Six individual auto brands — Lincoln, Cadillac, Porsche, Mercedes, BMW and Volvo — have established or are trialing a vehicle subscription service in the U.S. Three third-party companies — Flexdrive, Clutch and Carma — run brand-agnostic subscription services. And three automakers — Mercedes-Benz, BMW, and General Motors — have also launched short-term rental services. Dealers, afraid of how these trends might affect their margins, are building political and lawmaking campaigns to protect their revenue streams. So far, three states are investigating automaker subscriptions, and Indiana has banned any such service until next year.

It's certain that those three states are the first fronts in a long political and legal battle. Powerful dealer franchise laws mandate the existence of dealers and restrict how automakers are allowed to interact with customers to sell a vehicle. On top of that, Bob Reisner, CEO of Nassau Business Funding & Services, said, "Dealers and their associations are among the strongest political operators in many states. They as a group are difficult for state politicians to vote against."

In California earlier this year, the state Assembly debated a bill with wide-ranging provisions to protect against what the California New Car Dealers Association called "inappropriate treatment of dealers by manufacturers." One of those provisions stipulated that subscription services need to go through dealers, but that item got stripped out when dealers and manufacturers agreed to discuss the matter further. In Indiana, Gov. Eric Holcomb signed a moratorium on all subscription programs by dealers or manufacturers until May 1, 2019, to give legislators more time to investigate. Dealers in New Jersey have taken their campaign to the state capitol, asking that the cars in subscription programs get a different classification for registration purposes.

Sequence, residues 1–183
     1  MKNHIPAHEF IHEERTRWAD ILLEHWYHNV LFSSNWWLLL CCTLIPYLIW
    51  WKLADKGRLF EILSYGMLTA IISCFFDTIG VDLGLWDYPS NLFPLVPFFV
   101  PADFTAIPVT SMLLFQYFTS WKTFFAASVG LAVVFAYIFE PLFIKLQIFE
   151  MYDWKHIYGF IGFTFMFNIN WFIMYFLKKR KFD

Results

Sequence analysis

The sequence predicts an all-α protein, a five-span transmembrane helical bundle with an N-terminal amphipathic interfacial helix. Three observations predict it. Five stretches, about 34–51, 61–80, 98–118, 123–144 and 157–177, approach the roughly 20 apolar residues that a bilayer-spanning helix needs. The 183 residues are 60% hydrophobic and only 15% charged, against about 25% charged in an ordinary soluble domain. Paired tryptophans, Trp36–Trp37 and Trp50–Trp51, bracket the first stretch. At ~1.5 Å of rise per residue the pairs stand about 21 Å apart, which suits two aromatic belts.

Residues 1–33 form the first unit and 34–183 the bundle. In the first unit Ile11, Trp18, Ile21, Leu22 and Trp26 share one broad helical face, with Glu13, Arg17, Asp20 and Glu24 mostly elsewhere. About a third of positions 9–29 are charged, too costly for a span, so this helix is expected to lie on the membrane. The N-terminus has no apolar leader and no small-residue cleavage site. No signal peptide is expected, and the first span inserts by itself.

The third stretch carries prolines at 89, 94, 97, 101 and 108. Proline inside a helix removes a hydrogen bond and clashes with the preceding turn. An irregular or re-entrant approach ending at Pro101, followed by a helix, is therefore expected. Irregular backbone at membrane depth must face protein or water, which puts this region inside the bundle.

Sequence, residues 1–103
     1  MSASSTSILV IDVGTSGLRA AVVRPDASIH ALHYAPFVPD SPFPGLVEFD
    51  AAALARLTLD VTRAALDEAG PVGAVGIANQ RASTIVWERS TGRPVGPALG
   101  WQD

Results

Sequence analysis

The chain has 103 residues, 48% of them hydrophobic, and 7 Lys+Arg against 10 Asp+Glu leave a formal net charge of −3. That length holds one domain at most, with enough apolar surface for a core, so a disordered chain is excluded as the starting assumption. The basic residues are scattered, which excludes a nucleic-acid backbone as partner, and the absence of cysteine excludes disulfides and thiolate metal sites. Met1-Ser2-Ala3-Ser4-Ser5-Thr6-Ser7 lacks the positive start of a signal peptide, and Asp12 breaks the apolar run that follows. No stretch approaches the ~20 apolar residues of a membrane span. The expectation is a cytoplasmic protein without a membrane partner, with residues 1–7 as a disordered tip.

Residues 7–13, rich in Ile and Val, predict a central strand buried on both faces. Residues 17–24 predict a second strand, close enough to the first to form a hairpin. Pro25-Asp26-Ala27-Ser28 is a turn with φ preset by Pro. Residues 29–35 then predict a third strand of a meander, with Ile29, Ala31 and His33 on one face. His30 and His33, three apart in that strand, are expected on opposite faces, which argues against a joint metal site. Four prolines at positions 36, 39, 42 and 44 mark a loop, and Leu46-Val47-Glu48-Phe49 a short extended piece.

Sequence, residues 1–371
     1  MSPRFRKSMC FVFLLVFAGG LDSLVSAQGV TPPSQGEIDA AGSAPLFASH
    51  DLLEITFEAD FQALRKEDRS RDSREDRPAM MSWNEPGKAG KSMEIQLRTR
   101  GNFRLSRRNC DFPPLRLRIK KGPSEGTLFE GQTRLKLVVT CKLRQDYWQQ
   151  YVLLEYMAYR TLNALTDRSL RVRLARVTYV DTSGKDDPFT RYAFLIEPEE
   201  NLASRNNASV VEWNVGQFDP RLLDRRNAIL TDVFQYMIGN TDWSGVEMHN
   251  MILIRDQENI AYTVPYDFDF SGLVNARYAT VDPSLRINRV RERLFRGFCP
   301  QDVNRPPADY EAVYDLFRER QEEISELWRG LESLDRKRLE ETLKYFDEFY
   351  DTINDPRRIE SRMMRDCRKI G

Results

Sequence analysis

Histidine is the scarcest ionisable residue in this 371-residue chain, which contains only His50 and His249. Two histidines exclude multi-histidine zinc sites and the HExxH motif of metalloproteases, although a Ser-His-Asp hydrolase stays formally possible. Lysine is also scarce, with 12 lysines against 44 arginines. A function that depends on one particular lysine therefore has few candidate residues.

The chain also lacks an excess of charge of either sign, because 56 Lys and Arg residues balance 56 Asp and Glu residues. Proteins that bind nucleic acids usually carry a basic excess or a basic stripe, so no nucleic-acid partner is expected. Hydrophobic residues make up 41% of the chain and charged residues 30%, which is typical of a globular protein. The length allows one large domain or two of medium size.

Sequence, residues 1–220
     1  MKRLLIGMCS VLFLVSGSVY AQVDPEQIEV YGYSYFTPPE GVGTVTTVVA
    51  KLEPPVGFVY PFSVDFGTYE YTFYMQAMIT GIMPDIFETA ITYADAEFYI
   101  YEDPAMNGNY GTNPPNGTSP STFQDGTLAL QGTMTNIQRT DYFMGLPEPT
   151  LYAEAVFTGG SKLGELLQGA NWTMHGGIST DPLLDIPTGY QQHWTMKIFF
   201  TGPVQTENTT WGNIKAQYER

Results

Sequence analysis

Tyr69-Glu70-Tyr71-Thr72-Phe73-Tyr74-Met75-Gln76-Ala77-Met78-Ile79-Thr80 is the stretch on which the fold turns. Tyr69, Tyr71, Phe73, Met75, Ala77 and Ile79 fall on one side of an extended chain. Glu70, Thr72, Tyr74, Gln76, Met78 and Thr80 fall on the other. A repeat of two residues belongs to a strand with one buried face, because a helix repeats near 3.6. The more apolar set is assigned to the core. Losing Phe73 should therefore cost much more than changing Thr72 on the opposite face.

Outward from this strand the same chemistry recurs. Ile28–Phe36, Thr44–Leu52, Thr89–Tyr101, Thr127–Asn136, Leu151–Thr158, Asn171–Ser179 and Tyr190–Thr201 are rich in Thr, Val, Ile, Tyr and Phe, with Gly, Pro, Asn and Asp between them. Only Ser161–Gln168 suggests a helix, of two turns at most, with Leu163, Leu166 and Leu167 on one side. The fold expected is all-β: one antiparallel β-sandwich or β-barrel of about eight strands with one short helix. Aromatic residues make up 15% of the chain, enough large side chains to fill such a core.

Automakers run the current subscription services and own the vehicles. Sign-ups and financial transactions happen online or through apps, leaving dealers to do little more than act as fulfillment centers to various degrees, with little legal recourse as to compensation amounts when they're called on to deliver or service a car. That's a bad base to build on for business owners who've sunk millions of dollars into their operations. The CEO of the country's seventh-largest auto retailer by sales summed it up to Automotive News with, "It's so much in its infancy going on, it's so easy to fear the dealer supply chain is going to be left out." Using Care by Volvo as an example, a Volvo dealer said he wanted Volvo to shut down its corporate call center, and he wanted to help a customer choose a subscription car at the dealership.

Despite platitudes about how important the dealer body is, automakers want to find a way forward that doesn't involve more laws nor leash them to dealerships. The issue is likely to occupy U.S. courts and state houses for the next few years.

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